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[233] he feared he should not escape in the spring. ‘For several days he wandered in his mind, talking about the experiments he and Dr. Fisher had in hand, or imagining himself on the battle-field. The day that he died was the critical one. . . . .A violent cannonade from the Rebel batteries, nearer and more continuous than any that had preceded, excited him to wildness. It was with difficulty he could be kept to his pillow, and the slender thread that bound him to us was rudely broken.’ On the 10th he died ‘perfectly tranquil, with an inspired, happy look in his eyes.’ They buried him privately in the afternoon of the following day, at Washington, North Carolina; General Foster and his staff, and the officers of the two regiments, attending. The body remained at that place till the siege was raised. It was then disinterred for removal to the North; and as it passed through Newbern, funeral services were held there at the request of the regiment. The final interment took place at Mount Auburn on the 1st of May following.

His assistant, Dr. Fisher, wrote:—

I cannot but think that the anxiety and fatigue of his assiduous and unremitting labors for the regiment, which he had previously borne so well, by a cumulative process predisposed him for the fatal attack. For the first three weeks at Washington, he was the senior medical officer at the post; and after, the Rebel investment added to this responsibility the fatigue of frequent alarms and much professional labor. He performed several capital operations among the wounded negroes, all of whom I found on my arrival doing well, and bearing evidence of his kindness and foresight in their after treatment. . . . . His anxiety for the safety of the regiment occupied his last thoughts. I cannot conceive a nobler death, nor one I should more envy. It was entirely consonant with what I know of his life, which seemed guided at every moment by honor and duty. Courageous on the field of battle, he was equally so in the insidious dangers of the camp and hospital.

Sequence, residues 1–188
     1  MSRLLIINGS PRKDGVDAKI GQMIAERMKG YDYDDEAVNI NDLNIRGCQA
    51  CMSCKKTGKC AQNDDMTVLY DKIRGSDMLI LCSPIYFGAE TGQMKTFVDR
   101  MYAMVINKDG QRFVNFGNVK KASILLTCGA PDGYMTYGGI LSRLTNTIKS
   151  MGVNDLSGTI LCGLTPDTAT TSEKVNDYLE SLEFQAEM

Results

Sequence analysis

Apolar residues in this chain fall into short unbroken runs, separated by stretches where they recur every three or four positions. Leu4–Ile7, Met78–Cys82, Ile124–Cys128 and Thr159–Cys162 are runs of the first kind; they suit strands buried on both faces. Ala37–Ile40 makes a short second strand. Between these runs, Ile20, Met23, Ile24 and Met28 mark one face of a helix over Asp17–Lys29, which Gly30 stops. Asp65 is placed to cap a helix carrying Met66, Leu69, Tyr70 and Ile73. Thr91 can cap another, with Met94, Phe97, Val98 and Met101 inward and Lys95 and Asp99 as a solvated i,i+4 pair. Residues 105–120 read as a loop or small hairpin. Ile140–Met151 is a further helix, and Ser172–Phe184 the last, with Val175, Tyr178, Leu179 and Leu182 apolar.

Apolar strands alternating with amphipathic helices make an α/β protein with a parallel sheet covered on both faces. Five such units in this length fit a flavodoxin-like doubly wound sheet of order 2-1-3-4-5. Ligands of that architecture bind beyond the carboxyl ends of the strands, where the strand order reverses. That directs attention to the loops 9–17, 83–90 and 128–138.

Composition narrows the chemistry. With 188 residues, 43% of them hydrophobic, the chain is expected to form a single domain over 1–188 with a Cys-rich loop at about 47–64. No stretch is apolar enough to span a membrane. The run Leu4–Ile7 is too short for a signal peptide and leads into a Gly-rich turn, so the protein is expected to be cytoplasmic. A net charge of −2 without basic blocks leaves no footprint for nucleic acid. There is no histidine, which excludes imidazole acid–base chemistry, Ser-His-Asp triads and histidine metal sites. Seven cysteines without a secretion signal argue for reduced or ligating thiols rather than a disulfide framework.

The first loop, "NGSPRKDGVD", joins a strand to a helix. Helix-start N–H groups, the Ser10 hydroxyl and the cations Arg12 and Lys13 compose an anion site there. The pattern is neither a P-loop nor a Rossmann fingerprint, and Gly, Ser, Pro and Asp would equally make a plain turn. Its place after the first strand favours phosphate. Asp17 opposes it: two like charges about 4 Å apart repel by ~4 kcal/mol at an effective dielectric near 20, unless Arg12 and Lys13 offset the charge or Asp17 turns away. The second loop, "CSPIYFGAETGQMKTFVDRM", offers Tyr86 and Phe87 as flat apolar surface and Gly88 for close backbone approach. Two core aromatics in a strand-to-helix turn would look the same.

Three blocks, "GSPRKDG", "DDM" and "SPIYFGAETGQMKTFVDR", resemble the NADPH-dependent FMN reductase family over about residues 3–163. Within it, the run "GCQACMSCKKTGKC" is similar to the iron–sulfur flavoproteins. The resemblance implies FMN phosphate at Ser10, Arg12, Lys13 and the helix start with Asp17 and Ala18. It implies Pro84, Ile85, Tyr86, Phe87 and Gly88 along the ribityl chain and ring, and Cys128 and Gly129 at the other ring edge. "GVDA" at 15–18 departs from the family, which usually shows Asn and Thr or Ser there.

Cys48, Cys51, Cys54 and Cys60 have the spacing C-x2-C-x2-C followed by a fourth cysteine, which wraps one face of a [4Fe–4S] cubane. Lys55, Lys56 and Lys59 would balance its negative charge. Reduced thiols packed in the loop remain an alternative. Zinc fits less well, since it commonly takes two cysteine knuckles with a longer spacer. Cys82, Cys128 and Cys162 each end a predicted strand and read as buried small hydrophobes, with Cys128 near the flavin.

From the mass of testimonials to Dr. Ware's memory, the resolutions of his classmates, the votes of social and scientific organizations to which he belonged, and letters of personal

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